Nagano, Japan narrowly edged out Salt Lake City, Utah to host the 1998 Winter Olympics.
The Games would be memorable for many reasons, including Ross Rebagliati's snowboarding gold medal/marijuana scandal, 15 year old Tara Lipinksi's figure skating championship, Norwegian's cross country skier Bjorn Daehli earning his record 8th career gold medal and 12th overall, and Kenya's Phillip Boit competing in cross country skiing.
Though the biggest games were played on top of swimming pool, the hockey tournaments were perhaps the most memorable events of the Olympics. For the first time ever all players from the National Hockey League were permitted to play in the Olympics, truly making the Olympics a best on best competition. Also for the first time, women's hockey was introduced as a full Olympic medal sport.
Canada and the United States entered the tournament as favourites, if only because of their epic showdown two years earlier at the World Cup of Hockey in 1996. But both teams would end their tournaments in disappointment, while European teams rose to elation.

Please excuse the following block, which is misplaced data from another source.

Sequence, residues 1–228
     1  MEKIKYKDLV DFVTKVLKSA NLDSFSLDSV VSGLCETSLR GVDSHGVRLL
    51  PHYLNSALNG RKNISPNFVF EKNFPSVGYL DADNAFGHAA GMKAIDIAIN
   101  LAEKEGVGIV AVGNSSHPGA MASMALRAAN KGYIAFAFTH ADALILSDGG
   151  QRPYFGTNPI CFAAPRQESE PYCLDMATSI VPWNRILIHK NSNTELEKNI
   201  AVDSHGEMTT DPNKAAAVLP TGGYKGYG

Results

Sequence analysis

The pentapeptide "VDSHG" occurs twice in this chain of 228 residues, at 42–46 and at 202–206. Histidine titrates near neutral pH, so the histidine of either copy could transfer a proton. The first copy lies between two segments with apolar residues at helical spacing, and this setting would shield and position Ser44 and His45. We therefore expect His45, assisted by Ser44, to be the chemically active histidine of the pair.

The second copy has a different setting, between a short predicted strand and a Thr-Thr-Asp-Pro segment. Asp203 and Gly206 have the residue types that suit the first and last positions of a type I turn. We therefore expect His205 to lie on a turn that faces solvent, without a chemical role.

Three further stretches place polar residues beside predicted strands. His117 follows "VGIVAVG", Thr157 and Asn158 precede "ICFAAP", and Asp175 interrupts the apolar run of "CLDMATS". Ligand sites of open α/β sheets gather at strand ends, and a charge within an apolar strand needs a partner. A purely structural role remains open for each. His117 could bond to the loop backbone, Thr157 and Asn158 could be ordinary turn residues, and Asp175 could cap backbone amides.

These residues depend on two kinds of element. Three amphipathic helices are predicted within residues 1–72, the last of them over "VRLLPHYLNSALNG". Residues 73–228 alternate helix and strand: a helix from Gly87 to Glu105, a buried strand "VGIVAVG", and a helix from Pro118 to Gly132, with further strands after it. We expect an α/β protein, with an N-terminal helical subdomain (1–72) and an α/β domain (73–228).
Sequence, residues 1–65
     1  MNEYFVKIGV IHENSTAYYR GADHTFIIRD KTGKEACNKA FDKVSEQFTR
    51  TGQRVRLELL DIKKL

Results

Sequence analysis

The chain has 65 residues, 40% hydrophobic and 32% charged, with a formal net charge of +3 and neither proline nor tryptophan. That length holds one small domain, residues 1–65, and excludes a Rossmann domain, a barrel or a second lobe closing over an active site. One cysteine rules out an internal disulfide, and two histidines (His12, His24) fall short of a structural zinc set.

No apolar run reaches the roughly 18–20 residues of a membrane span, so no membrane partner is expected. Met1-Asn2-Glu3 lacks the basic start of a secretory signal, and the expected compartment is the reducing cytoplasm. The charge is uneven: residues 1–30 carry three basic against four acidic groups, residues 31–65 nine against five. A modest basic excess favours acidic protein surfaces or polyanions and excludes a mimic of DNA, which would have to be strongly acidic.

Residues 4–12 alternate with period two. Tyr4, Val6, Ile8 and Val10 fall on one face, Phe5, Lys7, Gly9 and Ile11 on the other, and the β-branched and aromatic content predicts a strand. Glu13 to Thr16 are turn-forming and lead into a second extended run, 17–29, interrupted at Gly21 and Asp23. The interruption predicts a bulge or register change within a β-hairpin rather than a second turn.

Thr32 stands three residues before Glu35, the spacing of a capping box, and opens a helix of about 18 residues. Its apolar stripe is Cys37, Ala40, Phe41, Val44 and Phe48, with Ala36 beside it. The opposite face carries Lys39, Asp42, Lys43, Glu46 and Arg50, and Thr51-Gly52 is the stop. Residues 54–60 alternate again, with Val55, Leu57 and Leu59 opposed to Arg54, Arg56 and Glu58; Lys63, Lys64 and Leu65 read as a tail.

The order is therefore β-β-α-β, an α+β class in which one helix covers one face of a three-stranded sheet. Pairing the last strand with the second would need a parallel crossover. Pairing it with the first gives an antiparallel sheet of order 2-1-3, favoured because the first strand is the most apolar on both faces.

Backed by the goaltending of the great Dominik Hasek and the presence of superstar Jaromir Jagr, Czech Republic would win the gold medal. They upset Canada in the semi-finals in a shootout. Wayne Gretzky, hockey's greatest scorer, sat on the bench as he was not selected to be one of Canada's shooters.
Drowning in their own disappointment, Canada played lacklustre hockey in the bronze medal game, allowing Finland, with co-leading scorers Teemu Selanne and Saku Koivu, to steal the medal. In Canada, where the attitude is gold or nothing, it did not seem to matter.
The Russians would take silver. Sweden would finish 5th and the Americans unthinkably placed 6th. Their lasting legacy of the Nagano Olympics was a trashed hotel room courtesy of a few unnamed players.
The American ladies did their country proud, upsetting the Canadians in the first ever women's Olympic hockey tournament.
The two countries, the only two powers in women's hockey to this day, faced off in a pre-Olympic tournament which saw Canada narrowly edged out USA 7 games to 6. The Americans had come a long way since the start of the decade, when Canada would defeat the Americans with ease. But since there was so little competition in the world, the two nations continued to practice against each other, quickly evening the level of play. But Canada always won the most important games, as in the World Championships.
That would change in Nagao. US goalie Sarah Teuting played the game of her life, stymieing the Canadian attack time and again, as the Americans captured the first ever Olympic gold medal in women's ice hockey by a score of 3-1.